Characterizing neuroanatomical changes in parvalbumin and perineuronal nets in a rat DISC-1 knock out model.
Degree: MS, Medical Sciences, 2019, Boston University
BACKGROUND: Schizophrenia is a debilitating disorder that has a profound impact on quality of life due to the presence of both cognitive deficits and psychotic symptoms. Despite having significant global economic and social costs and a worldwide prevalence of 1%, schizophrenia is still not well understood. Research has been making strides in uncovering the pathophysiology and the etiology that drive this disease, ranging from genetic abnormalities, disrupted circuitry, changes in microarchitecture, to impaired synaptic connectivity. Evidence suggests that disrupted-in-schizophrenia-1 (DISC1) driven genetic disturbances in fast-spiking parvalbumin (PV) neurons and their surrounding perineuronal nets (PNNs) likely contribute to schizophrenia etiology as they are part of the microcircuits required for working memory, a cognitive function that has been consistently impaired in schizophrenic patients.
OBJECTIVE: To identify the neuroanatomical changes in PV neurons and surrounding PNNs in the superficial and deep layers of the prelimbic and infralimbic prefrontal cortex of a rat DISC-1 knockout model.
METHODS: 19 DISC1-KO male rats and 15 wildtype rats were treated with saline or MK-801. They were sacrificed between P268-269 and brains were extracted and separated at the corpus callosum. After fixing and preserving, the brains were sliced then stained to visualize parvalbumin and perineuronal nets with immunohistochemistry. Slices were imaged and analyzed for PV, PNN, and PV+PNN counts in the superficial and deep regions of the prelimbic and infralimbic cortices. Averages counts within each group were taken and analyzed via 2-way ANOVAs for each brain region and dependent variable.
RESULTS: DISC1-KO rats displayed the following trending changes: decreased PV cells in deep layers of infralimbic and decreased PNNs throughout the prelimbic cortex. MK-801 appears to increase the number of unsheathed PV cells in the superficial layers of prelimbic and infralimbic cortex. It decreased the number of PNNs in the prelimbic of wildtype animals but not in the DISC1-KO cohort. MK-801 moderately increased PV counts in DISC1-KO.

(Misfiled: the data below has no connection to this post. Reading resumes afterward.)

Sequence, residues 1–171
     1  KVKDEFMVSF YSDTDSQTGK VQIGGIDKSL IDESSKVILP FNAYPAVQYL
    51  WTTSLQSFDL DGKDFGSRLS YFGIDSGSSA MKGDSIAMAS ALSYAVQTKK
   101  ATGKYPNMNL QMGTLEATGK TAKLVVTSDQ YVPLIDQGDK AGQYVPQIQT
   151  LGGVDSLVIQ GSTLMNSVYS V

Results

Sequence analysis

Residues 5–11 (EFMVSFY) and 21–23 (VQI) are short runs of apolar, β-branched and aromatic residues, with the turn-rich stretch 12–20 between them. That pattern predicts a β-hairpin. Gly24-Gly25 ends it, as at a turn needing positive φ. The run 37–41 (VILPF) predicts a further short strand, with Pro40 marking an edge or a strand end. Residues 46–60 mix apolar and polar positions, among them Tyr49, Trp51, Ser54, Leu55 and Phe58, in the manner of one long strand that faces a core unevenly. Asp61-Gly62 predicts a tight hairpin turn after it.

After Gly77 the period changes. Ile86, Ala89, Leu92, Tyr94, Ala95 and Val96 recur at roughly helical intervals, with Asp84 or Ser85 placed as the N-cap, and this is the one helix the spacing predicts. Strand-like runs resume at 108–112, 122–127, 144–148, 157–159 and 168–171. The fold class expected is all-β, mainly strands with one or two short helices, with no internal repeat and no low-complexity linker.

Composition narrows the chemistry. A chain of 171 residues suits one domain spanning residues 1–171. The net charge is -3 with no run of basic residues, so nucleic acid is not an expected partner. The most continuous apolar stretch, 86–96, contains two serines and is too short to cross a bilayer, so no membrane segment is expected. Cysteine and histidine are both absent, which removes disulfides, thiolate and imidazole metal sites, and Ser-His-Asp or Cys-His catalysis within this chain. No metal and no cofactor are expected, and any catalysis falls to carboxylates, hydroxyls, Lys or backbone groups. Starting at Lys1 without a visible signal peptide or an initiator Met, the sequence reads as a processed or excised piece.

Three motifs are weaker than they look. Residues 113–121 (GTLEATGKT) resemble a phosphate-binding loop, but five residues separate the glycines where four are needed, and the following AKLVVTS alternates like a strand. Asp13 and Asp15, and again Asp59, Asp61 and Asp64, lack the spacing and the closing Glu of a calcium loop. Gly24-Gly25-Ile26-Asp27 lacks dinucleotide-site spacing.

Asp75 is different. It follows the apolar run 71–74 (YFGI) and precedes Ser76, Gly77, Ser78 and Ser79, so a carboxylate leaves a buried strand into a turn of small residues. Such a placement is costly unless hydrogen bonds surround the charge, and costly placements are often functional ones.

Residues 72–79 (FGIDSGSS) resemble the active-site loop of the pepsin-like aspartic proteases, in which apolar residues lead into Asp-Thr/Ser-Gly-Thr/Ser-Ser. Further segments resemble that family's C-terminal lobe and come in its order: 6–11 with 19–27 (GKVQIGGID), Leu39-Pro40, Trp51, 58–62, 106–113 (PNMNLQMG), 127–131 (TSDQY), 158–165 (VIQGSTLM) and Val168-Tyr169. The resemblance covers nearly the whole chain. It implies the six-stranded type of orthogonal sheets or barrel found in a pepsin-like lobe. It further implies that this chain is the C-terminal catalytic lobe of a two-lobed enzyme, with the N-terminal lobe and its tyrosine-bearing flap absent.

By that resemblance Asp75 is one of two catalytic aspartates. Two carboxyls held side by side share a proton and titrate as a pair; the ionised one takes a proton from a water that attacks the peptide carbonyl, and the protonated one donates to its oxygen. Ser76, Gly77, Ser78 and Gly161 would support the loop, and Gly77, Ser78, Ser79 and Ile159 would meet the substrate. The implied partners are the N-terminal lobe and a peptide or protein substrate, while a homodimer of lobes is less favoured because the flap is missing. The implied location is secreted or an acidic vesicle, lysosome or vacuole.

CONCLUSIONS: This DISC1-KO model is a promising model of schizophrenia as we see the same directionality of decreases in PV and PNN as post mortem human studies. Furthermore, MK-801 is seen to have an increasing trend effect on PV cells, which should be considered when interpreting findings in future studies that look at these markers.
Advisors/Committee Members: Honeycutt, Jennifer (advisor).
Subjects/Keywords: Neurosciences; DISC1; Parvalbumin; Perineuronal nets; Prefrontal cortex; Schizophrenia
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APA (6th Edition):
Lee, H. (2019). Characterizing neuroanatomical changes in parvalbumin and perineuronal nets in a rat DISC-1 knock out model. (Masters Thesis). Boston University. Retrieved from http://hdl.handle.net/2144/36599
Chicago Manual of Style (16th Edition):
Lee, Ha-Neul. “Characterizing neuroanatomical changes in parvalbumin and perineuronal nets in a rat DISC-1 knock out model.” 2019. Masters Thesis, Boston University. Accessed January 17, 2020.
MLA Handbook (7th Edition):
Lee, Ha-Neul. “Characterizing neuroanatomical changes in parvalbumin and perineuronal nets in a rat DISC-1 knock out model.” 2019. Web. 17 Jan 2020.
Lee H. Characterizing neuroanatomical changes in parvalbumin and perineuronal nets in a rat DISC-1 knock out model. [Internet] [Masters thesis]. Boston University; 2019. [cited 2020 Jan 17].
Available from: http://hdl.handle.net/2144/36599.
Council of Science Editors:
Lee H. Characterizing neuroanatomical changes in parvalbumin and perineuronal nets in a rat DISC-1 knock out model. [Masters Thesis]. Boston University; 2019. Available from: http://hdl.handle.net/2144/36599